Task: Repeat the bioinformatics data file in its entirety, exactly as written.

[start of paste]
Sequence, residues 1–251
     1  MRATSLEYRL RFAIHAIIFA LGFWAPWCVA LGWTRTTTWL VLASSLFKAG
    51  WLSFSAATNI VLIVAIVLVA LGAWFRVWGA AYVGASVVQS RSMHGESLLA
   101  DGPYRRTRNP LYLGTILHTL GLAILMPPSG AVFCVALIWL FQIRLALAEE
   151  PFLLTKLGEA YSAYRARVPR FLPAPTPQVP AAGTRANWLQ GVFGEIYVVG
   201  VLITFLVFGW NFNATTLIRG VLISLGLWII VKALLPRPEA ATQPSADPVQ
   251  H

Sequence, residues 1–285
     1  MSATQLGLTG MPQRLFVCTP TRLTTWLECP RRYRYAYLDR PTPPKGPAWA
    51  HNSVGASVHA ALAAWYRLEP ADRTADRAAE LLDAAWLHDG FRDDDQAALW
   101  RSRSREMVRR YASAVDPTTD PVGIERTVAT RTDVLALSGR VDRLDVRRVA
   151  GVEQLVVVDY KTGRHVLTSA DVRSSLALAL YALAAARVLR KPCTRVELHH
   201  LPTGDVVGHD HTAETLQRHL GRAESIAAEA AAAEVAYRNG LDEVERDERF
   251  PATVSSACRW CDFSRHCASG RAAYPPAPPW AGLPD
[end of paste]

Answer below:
Sequence, residues 1–251
     1  MRATSLEYRL RFAIHAIIFA LGFWAPWCVA LGWTRTTTWL VLASSLFKAG
    51  WLSFSAATNI VLIVAIVLVA LGAWFRVWGA AYVGASVVQS RSMHGESLLA
   101  DGPYRRTRNP LYLGTILHTL GLAILMPPSG AVFCVALIWL FQIRLALAEE
   151  PFLLTKLGEA YSAYRARVPR FLPAPTPQVP AAGTRANWLQ GVFGEIYVVG
   201  VLITFLVFGW NFNATTLIRG VLISLGLWII VKALLPRPEA ATQPSADPVQ
   251  H

Sequence, residues 1–285
     1  MSATQLGLTG MPQRLFVCTP TRLTTWLECP RRYRYAYLDR PTPPKGPAWA
    51  HNSVGASVHA ALAAWYRLEP ADRTADRAAE LLDAAWLHDG FRDDDQAALW
   101  RSRSREMVRR YASAVDPTTD PVGIERTVAT RTDVLALSGR VDRLDVRRVA
   151  GVEQLVVVDY KTGRHVLTSA DVRSSLALAL YALAAARVLR KPCTRVELHH
   201  LPTGDVVGHD HTAETLQRHL GRAESIAAEA AAAEVAYRNG LDEVERDERF
   251  PATVSSACRW CDFSRHCASG RAAYPPAPPW AGLPD